Missouri Auto Dealers Sue State For Letting Tesla Sell Directly To Consumers

While many states have essentially banned the sale of Tesla vehicles, Missouri appeared to welcome the electric car company with open arms. Of course, not everyone is as pleased to have the car maker tallying sales in the Show Me State. And so to show its displeasure, the Missouri Auto Dealers Association filed a lawsuit against the Missouri Department of Revenue and its director for allowing the electric car company to sell vehicles directly to consumers.

The St. Louis Post-Dispatch reports the Missouri Auto Dealers Association (MADA) alleges that the state’s department of revenue was in violation of state law when it issued a dealers license to Tesla in 2013.

MADA, which represents 381 franchise car dealers, asserts that state law requires manufacturers to sell motor vehicles through dealers holding a valid franchise agreement with the manufacturer.

For those not initiated with Tesla, the company eschews the traditional dealership model and instead sells its pricey cars directly to consumers through store fronts or online.

According to the Post-Dispatch, Tesla, which has sold about 200 Model S cars in Missouri, opened a $2 million service center in University City, MO, in 2013 after it was issued a dealer license by the revenue department. The company has since added numerous charging stations and a store in Kansas City, MO, last month.

MADA claims that by allowing Tesla to sell cars without a proper dealership, the revenue department and director Nia Ray have “created a non-level playing field were one entity – Tesla – is subject to preferential tremens and all bona fide dealers are discriminated against.”

Lowell Pearson, MADA’s attorney and former revenue department deputy director, says Missouri “disadvantages hundreds of Missouri car dealers who have been doing business for many, many years.”

He says the group is asking the court to bar the revenue department from renewing Tesla’s license for the University City location and bar it from receiving other dealer licenses elsewhere in the state.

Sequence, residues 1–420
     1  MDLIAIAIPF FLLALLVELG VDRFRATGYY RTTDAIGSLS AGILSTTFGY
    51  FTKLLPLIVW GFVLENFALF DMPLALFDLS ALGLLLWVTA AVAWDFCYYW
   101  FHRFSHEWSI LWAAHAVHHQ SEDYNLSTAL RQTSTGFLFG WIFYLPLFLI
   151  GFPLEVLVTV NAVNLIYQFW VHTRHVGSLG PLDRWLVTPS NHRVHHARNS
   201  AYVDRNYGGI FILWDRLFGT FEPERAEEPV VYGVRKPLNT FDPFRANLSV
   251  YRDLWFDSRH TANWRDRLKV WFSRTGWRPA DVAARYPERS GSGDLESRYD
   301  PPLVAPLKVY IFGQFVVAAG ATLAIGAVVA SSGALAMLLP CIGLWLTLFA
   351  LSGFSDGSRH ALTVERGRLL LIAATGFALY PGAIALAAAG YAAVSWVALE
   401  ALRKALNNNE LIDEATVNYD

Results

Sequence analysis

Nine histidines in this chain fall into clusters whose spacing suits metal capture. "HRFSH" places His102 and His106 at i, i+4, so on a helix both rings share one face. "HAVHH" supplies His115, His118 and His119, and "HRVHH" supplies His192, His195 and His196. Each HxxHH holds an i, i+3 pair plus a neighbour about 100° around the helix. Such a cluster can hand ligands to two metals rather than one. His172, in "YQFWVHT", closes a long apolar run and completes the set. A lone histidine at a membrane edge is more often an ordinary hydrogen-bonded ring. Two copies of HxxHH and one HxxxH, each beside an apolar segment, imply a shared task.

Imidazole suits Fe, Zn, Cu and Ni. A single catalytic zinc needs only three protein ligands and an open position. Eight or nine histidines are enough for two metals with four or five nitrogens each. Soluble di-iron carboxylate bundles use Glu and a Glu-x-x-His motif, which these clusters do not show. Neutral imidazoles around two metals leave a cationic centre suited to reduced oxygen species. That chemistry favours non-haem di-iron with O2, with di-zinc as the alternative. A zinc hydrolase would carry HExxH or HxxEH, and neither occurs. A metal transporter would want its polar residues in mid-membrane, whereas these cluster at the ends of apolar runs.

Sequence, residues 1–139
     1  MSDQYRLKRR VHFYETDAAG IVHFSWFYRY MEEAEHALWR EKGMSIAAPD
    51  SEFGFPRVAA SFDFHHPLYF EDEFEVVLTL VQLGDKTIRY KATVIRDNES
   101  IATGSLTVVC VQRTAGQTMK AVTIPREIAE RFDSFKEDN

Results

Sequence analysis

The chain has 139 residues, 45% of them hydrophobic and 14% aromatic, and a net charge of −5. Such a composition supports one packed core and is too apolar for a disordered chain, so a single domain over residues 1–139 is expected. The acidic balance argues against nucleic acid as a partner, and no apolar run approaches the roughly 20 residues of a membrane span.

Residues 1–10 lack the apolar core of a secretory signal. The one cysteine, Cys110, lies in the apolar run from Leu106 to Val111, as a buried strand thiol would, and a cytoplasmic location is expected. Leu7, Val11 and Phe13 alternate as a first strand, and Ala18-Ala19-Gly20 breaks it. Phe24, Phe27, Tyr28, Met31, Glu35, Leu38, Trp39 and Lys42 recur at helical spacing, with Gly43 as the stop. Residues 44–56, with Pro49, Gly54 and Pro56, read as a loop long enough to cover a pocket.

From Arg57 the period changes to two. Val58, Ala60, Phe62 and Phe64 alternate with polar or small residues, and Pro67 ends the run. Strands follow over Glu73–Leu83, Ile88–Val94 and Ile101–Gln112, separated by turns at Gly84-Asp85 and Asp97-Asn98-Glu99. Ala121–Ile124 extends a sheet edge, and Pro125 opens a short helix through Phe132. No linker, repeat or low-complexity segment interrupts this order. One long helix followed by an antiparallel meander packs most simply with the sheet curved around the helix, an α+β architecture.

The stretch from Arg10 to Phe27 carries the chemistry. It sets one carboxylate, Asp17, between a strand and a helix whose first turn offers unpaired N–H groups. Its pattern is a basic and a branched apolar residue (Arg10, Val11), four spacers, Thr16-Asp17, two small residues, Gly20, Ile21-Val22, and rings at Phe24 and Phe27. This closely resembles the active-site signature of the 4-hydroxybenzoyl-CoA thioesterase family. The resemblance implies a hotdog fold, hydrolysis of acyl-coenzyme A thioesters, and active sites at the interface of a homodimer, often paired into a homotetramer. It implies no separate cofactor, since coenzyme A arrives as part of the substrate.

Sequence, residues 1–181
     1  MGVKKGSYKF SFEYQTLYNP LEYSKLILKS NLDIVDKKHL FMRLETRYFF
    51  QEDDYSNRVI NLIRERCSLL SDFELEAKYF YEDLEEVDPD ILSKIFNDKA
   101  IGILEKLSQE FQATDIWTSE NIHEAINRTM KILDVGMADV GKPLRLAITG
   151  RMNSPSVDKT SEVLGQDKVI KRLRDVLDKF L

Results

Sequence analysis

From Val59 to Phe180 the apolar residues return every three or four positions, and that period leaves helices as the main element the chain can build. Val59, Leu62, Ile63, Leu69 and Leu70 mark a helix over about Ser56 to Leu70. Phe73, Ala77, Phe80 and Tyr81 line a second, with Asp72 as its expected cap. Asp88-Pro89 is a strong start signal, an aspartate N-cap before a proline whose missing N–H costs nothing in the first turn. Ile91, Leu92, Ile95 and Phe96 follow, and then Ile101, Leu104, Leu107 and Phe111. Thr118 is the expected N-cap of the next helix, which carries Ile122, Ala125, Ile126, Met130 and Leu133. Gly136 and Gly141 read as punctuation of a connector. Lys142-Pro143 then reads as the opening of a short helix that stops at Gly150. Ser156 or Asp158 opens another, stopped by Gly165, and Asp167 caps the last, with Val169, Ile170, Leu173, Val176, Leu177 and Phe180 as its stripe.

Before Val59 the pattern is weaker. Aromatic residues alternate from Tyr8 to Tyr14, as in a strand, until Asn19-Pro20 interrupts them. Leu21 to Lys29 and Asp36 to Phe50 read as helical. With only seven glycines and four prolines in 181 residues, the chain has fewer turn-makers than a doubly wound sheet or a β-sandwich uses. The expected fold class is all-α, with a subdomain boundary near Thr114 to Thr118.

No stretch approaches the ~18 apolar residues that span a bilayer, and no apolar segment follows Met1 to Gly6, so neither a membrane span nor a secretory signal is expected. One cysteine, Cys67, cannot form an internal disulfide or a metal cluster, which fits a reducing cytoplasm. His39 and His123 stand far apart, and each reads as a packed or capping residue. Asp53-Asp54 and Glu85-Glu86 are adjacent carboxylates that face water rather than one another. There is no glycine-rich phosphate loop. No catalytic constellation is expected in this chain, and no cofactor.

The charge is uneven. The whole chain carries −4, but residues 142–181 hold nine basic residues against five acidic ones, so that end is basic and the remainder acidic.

“It’s quite well established that a car manufacturer cannot sell vehicles directly to the public and they must be sold through a licensed dealer,” Pearson tells the Post Dispatch.

A spokesperson for the revenue department tells the Post-Dispatch that the department does not comment on pending litigation.

However, last year the department’s acting director, John Mollenkamp, said in a statement that automakers with existing franchise agreements with dealers are barred from competing directly with them, however the law does not apply to companies that never had such agreements – such as Tesla.

Thursday’s lawsuit isn’t the first time MADA has attempted to end direct-to-consumer sales by Tesla. Last year, an amendment to a bill in the Missouri Legislator would have banned the sales, however that provision was ultimately pulled from the bill.

Still, that setback wasn’t enough to make those opposed to Tesla’s practices pack up and go home.

“We feel it’s a violation of the law,” MADA’s president and CEO, Doug Smith, says of the electric car company’s sales model. “The law … clearly states that a manufacturer cannot sell vehicles to consumers.”

Tesla vice president of corporate business development Diarmuid O’Connell tells the Post-Dispatch that the Missouri lawsuit is an attempt by dealerships to limit consumers’ ability to choose.

“The goal of both this lawsuit and anti-Tesla legislation is to create a distribution monopoly that will decrease competition, hurt consumer choice, and limit economic investment in Missouri,” he says.

While Tesla has drawn the ire of many in the auto sales business for its refusal to use traditional franchised dealership models, the company’s CEO Elon Musk admitted last week that the company might not always employ the same sales practices.

Musk said Tesla might consider franchised dealers at some point in the future when the company has increased its production and sufficiently educated consumers about its products via storefronts.

But Musk cautioned that the company would only enter into partnerships with dealers that haven’t been “jerks to us.”

If the MADA lawsuit is successful in banning Tesla sales in the state, Missouri would join Michigan, Texas, Arizona, Colorado, North Carolina and Virginia on the list of states with laws banning the direct sale of automobiles.

In September, the Supreme Judicial Court of Massachusetts threw out a lawsuit aiming to block Tesla from selling directly to customers and using a retail storefront to display model vehicles.

Last summer, the Georgia Automobile Dealers Association filed a complaint with the state’s Department of Revenue, claiming that Tesla sold too many through its one retail store in the state.

While most states don’t have active bans on direct sales, a recently passed law in New Jersey expressly allows Tesla and others to sell directly to consumers.

Auto dealers sue Missouri over Tesla car sales [The St. Louis Post-Dispatch]

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